Ph.D. Proposal: Aimee Williams

Tue Jun 05 2018 09:00 AM to 11:00 AM
MK 317
“The Role of Droplets in the Autoignition of a Polydisperse Jet-A Spray in Vitiated Co-flow”

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Ph.D. Thesis Proposal


Aimee Williams

(Advisor: Prof. Jerry Seitzman)

 “The Role of Droplets in the Autoignition of a
Polydisperse Jet-A Spray in Vitiated Co-flow”

9 a.m., Tuesday, June 5
Montgomery-Knight 317

Autoignition of droplets is a fundamental parameter of any fuel-air mixture.  It can occur any place where fuel is introduced to oxidizer at an elevated emperature.  For safety concerns and the need to understand the effect of autoignition on flame properties and stabilization, it is important to study the behavior of autoignition in real combustion systems, such as liquid Jet-A sprays. A polydisperse spray of a multicomponent fuel involves interactive and simultaneous processes of spray formation, droplet evaporation, fuel-air mixing, and chemical reaction.  Autoignition of homogeneous mixtures has been thoroughly studied, mostly for the validation of chemical mechanisms or surrogate fuels.  Autoignition of single droplets provides insight into large droplet sizes, but these are often much larger than what occurs in a real system and can evaporate and dilute before autoignition can occur.  Droplet stream studies have shown the importance of studying the effects of droplet interaction on autoignition.  In droplet streams, there exists an inter-droplet spacing that leads to minimum ignition delay time. In droplet clouds, heat transfer plays an important role in autoignition; as the droplets evaporate, they cool the mixture and produce non-homogeneous temperature profiles.  The majority of liquid fueled autoignition studies parameterize autoignition with properties in the modified Arrhenius rate equation.  Limited work has been done on the study of local autoignition phenomena in non-homogeneous situations.  Non-homogeneous gaseous fueled studies have shown that autoignition is formed in kernels, preferentially in mixing areas and vertically dominated regions, such as the wage of a jet-in-cross flow or mixing layer of a jet in co-flow. Limited droplet studies found kernels formed and grew on the outer edge of droplet clouds.  Another study found autoignition in kernels, but due to their dilute sprays did not find an interaction with the spray. There is potential for study of autoignition of a realistic fuel spray on a local droplet scale using modern diagnostics.  This study seeks to investigate the formation of growth of autoignition kernels in a uniform co-flow with symmetric fuel spray and determine the interaction of local autoignition events with fuel droplets.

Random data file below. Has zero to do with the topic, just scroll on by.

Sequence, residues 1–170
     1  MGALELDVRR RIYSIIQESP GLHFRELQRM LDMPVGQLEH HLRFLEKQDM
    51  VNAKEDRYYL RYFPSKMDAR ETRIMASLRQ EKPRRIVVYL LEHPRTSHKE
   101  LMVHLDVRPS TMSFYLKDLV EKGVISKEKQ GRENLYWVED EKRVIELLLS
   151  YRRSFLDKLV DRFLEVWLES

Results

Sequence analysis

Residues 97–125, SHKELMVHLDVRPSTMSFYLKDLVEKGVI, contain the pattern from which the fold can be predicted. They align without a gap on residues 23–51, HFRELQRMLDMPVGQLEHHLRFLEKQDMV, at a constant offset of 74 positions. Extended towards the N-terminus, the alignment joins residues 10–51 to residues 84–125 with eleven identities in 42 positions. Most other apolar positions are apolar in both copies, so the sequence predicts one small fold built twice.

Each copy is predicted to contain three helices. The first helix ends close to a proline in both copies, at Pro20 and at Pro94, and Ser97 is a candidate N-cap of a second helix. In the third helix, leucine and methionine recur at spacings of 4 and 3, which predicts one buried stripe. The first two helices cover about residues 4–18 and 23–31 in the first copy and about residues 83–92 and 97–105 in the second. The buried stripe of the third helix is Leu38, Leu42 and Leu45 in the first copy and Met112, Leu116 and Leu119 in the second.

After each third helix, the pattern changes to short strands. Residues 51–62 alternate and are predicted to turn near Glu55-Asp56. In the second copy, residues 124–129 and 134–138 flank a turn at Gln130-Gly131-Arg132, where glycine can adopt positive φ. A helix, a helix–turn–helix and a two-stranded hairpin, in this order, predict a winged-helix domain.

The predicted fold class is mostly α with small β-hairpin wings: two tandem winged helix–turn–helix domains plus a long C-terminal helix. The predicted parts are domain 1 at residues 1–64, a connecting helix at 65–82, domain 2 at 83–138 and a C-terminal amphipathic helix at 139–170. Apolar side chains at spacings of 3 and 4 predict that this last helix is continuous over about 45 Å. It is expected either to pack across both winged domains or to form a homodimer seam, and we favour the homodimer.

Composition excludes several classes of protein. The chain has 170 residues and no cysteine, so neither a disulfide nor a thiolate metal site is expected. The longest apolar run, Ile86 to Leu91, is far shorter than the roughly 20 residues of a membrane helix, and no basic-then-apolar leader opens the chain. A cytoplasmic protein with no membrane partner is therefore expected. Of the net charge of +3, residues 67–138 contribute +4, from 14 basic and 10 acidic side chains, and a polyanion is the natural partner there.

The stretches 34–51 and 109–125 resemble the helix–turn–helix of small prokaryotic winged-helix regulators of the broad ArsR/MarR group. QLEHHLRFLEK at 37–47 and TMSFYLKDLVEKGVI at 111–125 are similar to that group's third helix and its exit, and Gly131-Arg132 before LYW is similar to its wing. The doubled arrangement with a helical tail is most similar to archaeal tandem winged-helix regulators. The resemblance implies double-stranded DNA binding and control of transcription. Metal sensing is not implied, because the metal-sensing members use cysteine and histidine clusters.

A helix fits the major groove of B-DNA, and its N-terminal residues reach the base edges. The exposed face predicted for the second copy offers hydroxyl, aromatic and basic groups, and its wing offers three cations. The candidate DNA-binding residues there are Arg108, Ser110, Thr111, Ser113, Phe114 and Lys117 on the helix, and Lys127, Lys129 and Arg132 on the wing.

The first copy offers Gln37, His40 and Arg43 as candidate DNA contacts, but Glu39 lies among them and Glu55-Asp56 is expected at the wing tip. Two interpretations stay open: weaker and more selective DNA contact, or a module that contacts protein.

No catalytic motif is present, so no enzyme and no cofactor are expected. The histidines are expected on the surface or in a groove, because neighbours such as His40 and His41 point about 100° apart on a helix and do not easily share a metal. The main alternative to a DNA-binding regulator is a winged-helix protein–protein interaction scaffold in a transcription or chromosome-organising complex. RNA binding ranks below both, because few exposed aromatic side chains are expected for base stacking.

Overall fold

Preliminary results have validate the test facility, characterized the fuel spray, shown the behavior of autoignition kernels at a range of test conditions, and show the validity of using UV PLIF and Mie scattering to simultaneously view autoignition kernels and fuel spray.  Future investigation will measure the formation locations and growth of autoignition kernels and their behavior in the vicinity of droplets.


  • Professor Jerry Seitzman, School of Aerospace Engineering, Georgia Tech
  • Professor Jechiel Jagoda, School of Aerospace Engineering, Georgia Tech
  • Professor Joseph Oefelein, School of Aerospace Engineering, Georgia Tech


MK 317